All images: Paramount
It was recently revealed that the main character of Star Trek: Discovery, Lieutenant Commander Michael Burnham (Sonequa Martin-Green), was raised by Spock's parents and is, therefore, Spock's adopted sister. And my reaction was, "How many secret siblings does Spock have?" Because we've gone down this road before. It's been a long road getting from there to here.
In Star Trek V: The Final Frontier, we were introduced to Sybok, Spock's half-brother. I, like many a Star Trek fan, prefer to forget that movie ever happened. You can lift The Final Frontier out of canon with no serious effects, save regaining a bit of your sanity. But I buckled down and re-watched this thing the other day to remind myself about Spock's other unmentioned sibling.
I ... do not recommend it.
OK, so Sybok, in contrast to Spock, is a full-blooded Vulcan who is the son of Sarek. In the film, Spock describes Sybok as "a young student, exceptionally gifted, possessing great intelligence. It was assumed that one day he would take his place amongst the great scholars of Vulcan. But he was a revolutionary."
By "revolutionary," Spock means that his brother decided that the true path to knowledge wasn't logic but emotion, and he was banished for it. Spock also makes Sybok sound brilliant, which is... not how he comes across in this movie.
Sybok ends up on Nimbus III — the so-called "Planet of Galactic Peace," and I wish I had a whole other article just to discuss how completely, utterly badly set up that whole place is. But, for now, understand that its major city is Paradise City, where, presumably, the grass is green and the girls are pretty. Sybok's meditations led him to get visions from what he believes is God and he launches a plan to go visit Him.
So Sybok takes hostages in, sigh, Paradise City, so that someone will send a starship to the Planet of Galactic Peace that he can hijack to go visit God at the end of the universe. By pure coincidence, the Enterprise gets sent to deal with this situation, and Sybok is delighted to see Spock again.
I get that Sybok is all into emotion, but the dude maybe should have held onto some logic, because when violence occurs after his army has taken hostages, he says, "It wasn't bloodshed that I wanted!" Logic might have told him that if he didn't want bloodshed, maybe invasion and kidnapping is not the way to go.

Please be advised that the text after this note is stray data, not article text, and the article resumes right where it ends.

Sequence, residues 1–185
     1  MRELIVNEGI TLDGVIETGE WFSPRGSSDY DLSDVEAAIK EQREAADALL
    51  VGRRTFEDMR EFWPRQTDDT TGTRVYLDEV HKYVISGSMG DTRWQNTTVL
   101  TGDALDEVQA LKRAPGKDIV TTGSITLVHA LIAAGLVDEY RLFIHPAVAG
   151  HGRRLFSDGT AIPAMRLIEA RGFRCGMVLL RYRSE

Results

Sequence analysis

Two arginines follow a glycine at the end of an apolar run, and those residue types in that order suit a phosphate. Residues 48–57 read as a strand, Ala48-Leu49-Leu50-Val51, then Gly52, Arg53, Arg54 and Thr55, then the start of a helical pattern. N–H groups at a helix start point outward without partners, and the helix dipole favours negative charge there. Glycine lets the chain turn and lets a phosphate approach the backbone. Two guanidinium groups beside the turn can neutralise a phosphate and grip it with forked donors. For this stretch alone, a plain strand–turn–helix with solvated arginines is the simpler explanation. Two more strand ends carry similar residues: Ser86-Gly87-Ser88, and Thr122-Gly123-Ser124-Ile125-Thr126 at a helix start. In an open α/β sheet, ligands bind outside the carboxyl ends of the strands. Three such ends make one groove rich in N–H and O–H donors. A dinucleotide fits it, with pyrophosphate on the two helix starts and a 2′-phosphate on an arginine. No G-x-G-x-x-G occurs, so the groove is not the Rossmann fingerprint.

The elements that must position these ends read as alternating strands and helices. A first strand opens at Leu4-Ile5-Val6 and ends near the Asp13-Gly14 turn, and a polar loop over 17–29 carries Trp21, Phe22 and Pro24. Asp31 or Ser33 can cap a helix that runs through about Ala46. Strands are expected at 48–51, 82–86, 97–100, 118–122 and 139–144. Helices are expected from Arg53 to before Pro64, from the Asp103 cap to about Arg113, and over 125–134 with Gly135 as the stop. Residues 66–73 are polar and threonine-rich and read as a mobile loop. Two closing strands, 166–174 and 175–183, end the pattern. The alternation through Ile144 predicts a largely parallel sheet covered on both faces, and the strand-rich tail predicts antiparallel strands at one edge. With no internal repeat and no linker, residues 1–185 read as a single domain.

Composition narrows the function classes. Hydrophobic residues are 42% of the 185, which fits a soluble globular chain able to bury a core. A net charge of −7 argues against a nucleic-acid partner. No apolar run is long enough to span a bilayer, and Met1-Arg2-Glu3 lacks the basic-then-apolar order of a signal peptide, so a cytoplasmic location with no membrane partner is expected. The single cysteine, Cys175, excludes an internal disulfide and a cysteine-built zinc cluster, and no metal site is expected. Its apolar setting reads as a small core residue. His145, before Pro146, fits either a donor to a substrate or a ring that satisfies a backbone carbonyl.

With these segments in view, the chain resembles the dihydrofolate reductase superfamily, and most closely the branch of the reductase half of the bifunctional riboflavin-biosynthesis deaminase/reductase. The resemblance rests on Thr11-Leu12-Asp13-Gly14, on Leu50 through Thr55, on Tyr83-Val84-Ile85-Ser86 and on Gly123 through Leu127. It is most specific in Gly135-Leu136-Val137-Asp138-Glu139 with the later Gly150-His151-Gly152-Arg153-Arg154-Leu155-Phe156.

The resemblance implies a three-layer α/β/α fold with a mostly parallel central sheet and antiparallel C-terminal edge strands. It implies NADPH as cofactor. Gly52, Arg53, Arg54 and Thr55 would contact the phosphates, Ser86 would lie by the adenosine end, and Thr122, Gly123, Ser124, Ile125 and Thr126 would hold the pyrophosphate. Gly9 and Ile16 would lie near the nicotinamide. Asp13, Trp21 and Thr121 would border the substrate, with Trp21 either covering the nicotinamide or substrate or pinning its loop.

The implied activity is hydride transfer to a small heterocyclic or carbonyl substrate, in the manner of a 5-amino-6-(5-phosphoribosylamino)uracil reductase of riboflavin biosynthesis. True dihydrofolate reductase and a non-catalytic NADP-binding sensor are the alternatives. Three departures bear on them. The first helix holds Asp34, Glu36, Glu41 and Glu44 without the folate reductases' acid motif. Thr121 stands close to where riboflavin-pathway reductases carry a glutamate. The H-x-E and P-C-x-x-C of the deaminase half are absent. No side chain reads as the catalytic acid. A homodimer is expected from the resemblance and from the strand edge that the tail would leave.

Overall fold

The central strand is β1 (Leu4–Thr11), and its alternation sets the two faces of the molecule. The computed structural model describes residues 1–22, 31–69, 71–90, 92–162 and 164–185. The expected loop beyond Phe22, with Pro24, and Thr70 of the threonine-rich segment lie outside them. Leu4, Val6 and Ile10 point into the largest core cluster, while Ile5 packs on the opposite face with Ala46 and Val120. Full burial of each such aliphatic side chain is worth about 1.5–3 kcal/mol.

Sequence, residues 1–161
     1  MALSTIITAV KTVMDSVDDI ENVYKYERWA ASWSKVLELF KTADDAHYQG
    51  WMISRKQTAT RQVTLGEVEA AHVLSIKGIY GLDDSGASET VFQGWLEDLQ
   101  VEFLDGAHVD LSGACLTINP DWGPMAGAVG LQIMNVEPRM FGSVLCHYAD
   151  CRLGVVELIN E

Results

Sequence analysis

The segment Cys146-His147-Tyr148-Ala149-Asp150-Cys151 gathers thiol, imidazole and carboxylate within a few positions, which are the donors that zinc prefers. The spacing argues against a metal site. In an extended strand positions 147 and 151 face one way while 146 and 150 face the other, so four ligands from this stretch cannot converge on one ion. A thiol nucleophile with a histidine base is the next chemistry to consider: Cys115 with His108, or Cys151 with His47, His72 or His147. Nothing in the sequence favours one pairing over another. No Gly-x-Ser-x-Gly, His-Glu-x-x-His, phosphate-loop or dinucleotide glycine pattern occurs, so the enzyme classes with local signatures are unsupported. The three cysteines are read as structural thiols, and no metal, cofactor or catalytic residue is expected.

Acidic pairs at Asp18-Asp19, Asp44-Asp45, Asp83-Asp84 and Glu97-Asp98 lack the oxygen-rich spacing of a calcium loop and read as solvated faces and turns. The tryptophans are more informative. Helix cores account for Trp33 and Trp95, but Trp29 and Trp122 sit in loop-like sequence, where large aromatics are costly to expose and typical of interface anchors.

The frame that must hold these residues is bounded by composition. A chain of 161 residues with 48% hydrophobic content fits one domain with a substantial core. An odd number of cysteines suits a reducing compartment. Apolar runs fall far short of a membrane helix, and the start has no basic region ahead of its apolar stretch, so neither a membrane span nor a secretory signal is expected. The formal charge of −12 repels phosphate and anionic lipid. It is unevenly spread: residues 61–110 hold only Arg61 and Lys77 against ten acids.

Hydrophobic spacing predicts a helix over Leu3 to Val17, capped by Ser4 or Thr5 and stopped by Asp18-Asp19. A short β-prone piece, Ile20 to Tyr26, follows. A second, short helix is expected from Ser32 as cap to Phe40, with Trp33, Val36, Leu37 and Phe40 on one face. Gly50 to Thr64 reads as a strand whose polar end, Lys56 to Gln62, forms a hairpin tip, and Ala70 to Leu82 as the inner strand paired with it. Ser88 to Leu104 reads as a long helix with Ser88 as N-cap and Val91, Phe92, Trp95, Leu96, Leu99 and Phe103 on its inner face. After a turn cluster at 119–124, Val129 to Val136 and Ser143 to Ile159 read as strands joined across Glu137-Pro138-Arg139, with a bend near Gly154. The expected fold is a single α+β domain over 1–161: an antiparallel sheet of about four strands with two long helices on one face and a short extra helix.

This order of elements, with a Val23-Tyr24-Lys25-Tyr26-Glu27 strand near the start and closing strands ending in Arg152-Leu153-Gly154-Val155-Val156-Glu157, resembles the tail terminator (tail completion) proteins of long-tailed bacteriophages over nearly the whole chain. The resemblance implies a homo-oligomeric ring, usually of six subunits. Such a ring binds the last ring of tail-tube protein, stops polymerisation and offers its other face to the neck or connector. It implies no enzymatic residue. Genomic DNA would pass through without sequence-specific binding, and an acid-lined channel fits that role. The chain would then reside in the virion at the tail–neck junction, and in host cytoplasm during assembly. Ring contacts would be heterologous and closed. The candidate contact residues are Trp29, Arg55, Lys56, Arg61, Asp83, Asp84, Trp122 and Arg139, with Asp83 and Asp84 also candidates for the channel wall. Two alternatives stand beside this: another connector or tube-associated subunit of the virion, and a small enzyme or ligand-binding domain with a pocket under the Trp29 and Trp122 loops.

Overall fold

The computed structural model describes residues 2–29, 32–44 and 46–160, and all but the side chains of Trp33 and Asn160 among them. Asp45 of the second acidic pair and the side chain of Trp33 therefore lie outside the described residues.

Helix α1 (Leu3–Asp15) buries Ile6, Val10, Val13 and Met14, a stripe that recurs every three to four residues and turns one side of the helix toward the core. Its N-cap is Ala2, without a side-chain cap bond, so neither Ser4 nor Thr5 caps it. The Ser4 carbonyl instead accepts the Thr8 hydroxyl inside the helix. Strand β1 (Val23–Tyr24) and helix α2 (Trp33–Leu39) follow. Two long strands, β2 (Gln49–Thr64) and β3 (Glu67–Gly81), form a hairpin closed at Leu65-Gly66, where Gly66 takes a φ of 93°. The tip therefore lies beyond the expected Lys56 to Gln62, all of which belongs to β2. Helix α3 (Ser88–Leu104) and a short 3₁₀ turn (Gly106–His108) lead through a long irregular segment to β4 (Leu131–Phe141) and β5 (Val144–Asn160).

Sybok's telepathic ability is basically weaponised, involuntary therapy. He can unearth your greatest pain and share it and the resulting feeling gains him loyalty, I guess. Sadly, my greatest pain is this movie and he cannot take that away.
Part of that pain is this conversation that occurs after Spock doesn't kill Sybok and prevent the hijacking of the Enterprise:
KIRK: The man may be a fellow Vulcan, but that doesn't...
SPOCK: You do not understand me, Captain. Sybok, also, is a son of Sarek.
KIRK: He's your brother brother? You made that up.
SPOCK: I did not.
KIRK: You did too. Sybok couldn't possibly be your brother because I happen to know for a fact that you don't have a brother.
SPOCK: Technically, you are correct. I do not have a brother.
KIRK: You see?
SPOCK: I have a half-brother.
KIRK: I've got to sit down.
McCOY: Let me get this straight. You and Sybok have the same father but different mothers.
SPOCK: Exactly. That is correct. Sybok's mother was a Vulcan princess. After her death, Sybok and I were raised as brothers.
KIRK: Why didn't you tell us this before?
SPOCK: I was not prepared to discuss matters of a personal nature. For that I am sorry.
"I was not prepared to discuss matters of a personal nature" had better not be the explanation that Star Trek: Discovery uses to explain why Spock has another secret sibling. It may be canon, but it's dumb canon and no one likes it.
Sybok manages to get the Enterprise crew to take him to see God, who wanted Sybok to bring him a ship so that he could escape because obviously it isn't actually God, but a malevolent force seeking to manipulate Sybok into helping him escape his imprisonment. Kirk asks the famous "What does God need with a starship?" question that literally everyone ever should have asked, but everyone in this movie is at least half-stupid except for Kirk, because Shatner was in charge.
Sybok only manages to realise how badly he'd screwed up at the last moment, and sacrifices himself. And then no one ever mentions him again. Because The Final Frontier is a movie that no one ever wants to admit happened. And given that Star Trek movie canon includes Insurrection and Nemesis, that's quite an accomplishment.
And now Star Trek: Discovery is adding another secret sibling to Spock's life. Instead of a Vulcan with too much emotion, it's a human with too much logic. It's like Amanda and Sarek are playing Goldilocks with their children and only Spock managed to be just right. So long as Discovery learns lessons from The Final Frontier rather than taking any cues from it whatsoever, it might be an interesting move. It certainly couldn't go worse.